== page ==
We have been working with Pervasive Displays to bring to market a HAT module, called the PaPiRus, for the Raspberry Pi that is capable of driving ePaper displays of various sizes with ease, making use of their existing open source RePaper codebase and examples.
ePaper is a display technology that mimics the appearance of ink on paper. Unlike conventional displays, ePaper reflects light " just like ordinary paper " and is capable of holding text and images indefinitely, even without electricity. Because of this, ePaper displays and single board computers or microcontrollers are a match made in heaven as together they use a very small amount of power whilst still bringing a display to your project.
We are very excited to offer this very interesting HAT compatible display breakout for hackers who want to start playing with small ePaper / eInk displays in their Raspberry Pi projects. PaPiRus was originally launched on Kickstarter, and is now available to purchase!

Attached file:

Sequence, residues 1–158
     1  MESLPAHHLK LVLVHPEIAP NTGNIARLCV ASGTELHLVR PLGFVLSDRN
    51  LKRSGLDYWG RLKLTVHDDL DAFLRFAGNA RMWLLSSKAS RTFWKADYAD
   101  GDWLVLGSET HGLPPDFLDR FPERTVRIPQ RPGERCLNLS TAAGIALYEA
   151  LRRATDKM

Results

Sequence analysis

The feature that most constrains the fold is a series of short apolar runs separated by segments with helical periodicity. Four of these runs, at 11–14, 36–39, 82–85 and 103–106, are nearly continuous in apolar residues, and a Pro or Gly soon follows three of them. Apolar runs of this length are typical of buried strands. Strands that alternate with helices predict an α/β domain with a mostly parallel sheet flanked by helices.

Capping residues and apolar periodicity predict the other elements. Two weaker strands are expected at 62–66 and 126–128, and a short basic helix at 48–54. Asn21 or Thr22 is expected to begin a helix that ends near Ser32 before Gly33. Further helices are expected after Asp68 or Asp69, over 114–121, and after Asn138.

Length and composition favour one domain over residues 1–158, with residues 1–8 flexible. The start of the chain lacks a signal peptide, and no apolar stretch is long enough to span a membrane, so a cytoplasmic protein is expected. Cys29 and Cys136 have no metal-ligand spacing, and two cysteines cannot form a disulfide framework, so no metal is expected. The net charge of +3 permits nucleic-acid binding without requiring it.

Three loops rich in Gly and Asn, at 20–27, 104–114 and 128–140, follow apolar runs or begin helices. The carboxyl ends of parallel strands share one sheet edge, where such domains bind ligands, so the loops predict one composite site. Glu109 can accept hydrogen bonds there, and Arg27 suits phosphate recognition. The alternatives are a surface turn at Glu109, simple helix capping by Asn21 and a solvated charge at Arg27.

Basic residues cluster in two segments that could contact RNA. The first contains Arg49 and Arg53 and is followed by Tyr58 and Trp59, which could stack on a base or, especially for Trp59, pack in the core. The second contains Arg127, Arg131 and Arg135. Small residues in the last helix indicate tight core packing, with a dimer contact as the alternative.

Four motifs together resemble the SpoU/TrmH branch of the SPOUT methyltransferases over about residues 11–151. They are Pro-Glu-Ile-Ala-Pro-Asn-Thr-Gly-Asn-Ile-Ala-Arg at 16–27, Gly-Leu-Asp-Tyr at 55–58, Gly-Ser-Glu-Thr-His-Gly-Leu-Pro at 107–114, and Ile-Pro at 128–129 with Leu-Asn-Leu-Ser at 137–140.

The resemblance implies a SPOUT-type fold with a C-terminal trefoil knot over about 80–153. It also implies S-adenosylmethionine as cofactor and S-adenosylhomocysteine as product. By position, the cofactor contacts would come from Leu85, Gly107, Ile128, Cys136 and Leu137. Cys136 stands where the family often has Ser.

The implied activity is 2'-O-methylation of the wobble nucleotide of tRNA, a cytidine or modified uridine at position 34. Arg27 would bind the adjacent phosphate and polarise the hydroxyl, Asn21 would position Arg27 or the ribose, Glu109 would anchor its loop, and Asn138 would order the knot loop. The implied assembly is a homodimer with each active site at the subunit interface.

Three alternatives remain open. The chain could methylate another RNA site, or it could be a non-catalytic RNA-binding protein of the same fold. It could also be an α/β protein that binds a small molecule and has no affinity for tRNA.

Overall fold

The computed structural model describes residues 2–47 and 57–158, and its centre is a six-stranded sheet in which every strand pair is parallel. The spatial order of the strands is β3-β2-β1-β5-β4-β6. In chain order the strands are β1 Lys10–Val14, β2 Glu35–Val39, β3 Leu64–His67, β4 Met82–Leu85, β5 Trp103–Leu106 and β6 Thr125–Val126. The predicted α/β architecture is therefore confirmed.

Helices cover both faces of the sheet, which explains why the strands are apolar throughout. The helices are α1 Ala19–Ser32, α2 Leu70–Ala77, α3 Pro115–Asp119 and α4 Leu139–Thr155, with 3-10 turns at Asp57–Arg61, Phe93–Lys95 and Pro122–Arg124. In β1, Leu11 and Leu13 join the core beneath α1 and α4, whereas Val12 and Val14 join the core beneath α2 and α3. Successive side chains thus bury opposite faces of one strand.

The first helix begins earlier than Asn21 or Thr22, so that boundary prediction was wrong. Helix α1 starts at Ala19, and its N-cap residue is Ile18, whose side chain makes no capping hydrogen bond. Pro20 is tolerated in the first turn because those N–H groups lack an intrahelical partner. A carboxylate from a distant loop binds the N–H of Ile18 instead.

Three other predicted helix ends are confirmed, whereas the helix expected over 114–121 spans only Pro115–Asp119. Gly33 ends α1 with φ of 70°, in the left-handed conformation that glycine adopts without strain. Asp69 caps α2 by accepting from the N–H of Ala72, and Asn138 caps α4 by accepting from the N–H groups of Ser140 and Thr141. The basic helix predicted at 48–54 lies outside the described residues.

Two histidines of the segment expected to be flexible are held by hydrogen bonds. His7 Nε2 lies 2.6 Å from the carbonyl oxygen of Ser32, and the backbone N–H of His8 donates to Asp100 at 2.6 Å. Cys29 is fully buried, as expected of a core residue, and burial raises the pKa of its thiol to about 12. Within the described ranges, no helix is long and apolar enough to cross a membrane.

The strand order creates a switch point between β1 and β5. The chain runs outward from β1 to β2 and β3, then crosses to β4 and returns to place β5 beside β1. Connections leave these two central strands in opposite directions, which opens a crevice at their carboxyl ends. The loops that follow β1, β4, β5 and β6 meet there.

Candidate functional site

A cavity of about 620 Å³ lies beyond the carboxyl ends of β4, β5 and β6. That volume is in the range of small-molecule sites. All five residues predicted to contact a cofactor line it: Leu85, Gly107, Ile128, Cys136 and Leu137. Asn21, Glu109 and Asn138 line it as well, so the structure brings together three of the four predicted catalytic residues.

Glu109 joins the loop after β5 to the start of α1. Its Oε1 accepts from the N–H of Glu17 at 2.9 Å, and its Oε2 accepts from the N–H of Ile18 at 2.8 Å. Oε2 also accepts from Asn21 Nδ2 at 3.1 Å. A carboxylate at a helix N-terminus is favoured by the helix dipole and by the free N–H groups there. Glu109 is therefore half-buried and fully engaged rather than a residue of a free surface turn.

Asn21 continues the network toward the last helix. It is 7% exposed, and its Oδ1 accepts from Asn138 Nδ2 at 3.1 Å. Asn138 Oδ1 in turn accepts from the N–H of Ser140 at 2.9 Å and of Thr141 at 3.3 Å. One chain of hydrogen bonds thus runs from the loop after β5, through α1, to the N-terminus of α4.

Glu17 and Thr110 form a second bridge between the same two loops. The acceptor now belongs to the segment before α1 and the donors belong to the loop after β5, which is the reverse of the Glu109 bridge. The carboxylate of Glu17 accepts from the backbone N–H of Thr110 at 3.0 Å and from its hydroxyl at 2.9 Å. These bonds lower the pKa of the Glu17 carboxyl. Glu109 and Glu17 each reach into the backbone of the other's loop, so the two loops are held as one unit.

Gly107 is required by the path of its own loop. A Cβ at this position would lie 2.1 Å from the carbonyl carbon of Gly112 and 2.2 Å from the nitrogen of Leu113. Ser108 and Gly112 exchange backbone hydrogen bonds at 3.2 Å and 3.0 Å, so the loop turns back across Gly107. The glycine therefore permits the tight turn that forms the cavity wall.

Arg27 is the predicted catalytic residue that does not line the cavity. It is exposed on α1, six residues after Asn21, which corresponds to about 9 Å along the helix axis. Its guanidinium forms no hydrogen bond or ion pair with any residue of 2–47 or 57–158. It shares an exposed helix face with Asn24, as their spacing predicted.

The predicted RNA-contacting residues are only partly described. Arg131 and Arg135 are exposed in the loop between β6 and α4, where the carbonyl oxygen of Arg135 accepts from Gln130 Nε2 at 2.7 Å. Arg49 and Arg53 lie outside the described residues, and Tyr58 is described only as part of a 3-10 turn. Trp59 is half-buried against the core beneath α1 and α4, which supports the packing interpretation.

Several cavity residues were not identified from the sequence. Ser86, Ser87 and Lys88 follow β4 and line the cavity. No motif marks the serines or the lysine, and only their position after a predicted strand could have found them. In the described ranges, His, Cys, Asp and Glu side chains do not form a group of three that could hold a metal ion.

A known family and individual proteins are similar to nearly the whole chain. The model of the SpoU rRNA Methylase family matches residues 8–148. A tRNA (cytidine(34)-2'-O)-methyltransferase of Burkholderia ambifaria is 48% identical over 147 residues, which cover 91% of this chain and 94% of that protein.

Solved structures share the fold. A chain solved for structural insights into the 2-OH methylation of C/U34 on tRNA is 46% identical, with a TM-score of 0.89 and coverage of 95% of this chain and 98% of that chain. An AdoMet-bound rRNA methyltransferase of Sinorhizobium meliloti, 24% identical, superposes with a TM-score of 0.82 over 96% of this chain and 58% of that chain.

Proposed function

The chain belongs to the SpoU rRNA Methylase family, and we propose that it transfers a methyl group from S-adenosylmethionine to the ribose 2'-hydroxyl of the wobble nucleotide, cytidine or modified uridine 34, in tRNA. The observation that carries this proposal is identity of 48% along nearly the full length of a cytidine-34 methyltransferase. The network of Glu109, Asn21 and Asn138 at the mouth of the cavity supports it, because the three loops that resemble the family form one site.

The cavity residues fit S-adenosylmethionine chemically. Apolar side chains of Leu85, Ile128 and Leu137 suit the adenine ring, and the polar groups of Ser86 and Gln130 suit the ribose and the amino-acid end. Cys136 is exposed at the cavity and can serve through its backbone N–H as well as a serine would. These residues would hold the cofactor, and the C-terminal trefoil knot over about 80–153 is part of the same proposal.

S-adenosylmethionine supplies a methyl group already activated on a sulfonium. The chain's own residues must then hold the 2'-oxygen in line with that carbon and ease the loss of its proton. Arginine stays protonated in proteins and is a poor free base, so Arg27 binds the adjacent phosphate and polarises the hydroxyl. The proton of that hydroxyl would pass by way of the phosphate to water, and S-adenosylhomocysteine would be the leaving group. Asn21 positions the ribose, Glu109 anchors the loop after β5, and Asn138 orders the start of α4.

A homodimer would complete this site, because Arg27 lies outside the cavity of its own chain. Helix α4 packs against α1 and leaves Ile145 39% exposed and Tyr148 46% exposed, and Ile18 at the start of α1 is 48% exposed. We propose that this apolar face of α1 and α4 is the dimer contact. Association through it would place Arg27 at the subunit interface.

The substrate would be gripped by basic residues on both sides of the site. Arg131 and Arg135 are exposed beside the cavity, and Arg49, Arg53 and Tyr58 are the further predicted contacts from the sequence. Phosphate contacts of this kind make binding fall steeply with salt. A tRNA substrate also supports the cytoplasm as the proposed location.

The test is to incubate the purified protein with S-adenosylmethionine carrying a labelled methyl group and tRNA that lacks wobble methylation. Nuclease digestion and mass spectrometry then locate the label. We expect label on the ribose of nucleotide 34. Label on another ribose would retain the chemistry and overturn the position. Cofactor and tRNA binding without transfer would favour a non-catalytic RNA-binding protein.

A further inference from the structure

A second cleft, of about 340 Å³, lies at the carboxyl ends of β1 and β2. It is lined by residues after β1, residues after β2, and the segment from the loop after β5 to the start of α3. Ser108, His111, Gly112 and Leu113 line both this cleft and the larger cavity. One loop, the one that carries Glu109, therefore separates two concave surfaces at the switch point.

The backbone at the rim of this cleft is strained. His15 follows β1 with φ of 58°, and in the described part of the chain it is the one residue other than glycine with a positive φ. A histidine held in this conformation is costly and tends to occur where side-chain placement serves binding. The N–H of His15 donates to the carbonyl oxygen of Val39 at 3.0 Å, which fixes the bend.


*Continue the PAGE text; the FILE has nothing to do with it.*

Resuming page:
The PCB assembly has a lot of driver circuitry required to keep the display running smoothly as well as an EEPROM for HAT compatibility and easy plug and play operation with the Raspberry Pi. All signals are broken out to a 40 pin female header. The display included in this offering is a 1.44" diagonal and 128 x 96 resolution true ePaper / eInk graphical display. These are intended for use as small dynamic signage in grocery stores since a barcode displayed on it can be scanned by a laser barcode-reader. The display does not require any power to keep the image and will stay "on" without any power connection for many days before slowly fading. Of course, its also daylight readable and is very high contrast. This makes it excellent for data-logging applications, outdoor displays, or any other ultra-low power usages
The good news is that rePaper/PDI have provided a suite of example code for the Raspberry Pi along with datasheets. Tons more information including wiring diagrams, datasheets & and links to example code at rePaper! Also, check out our eInk/ePaper display for the Pi Zero.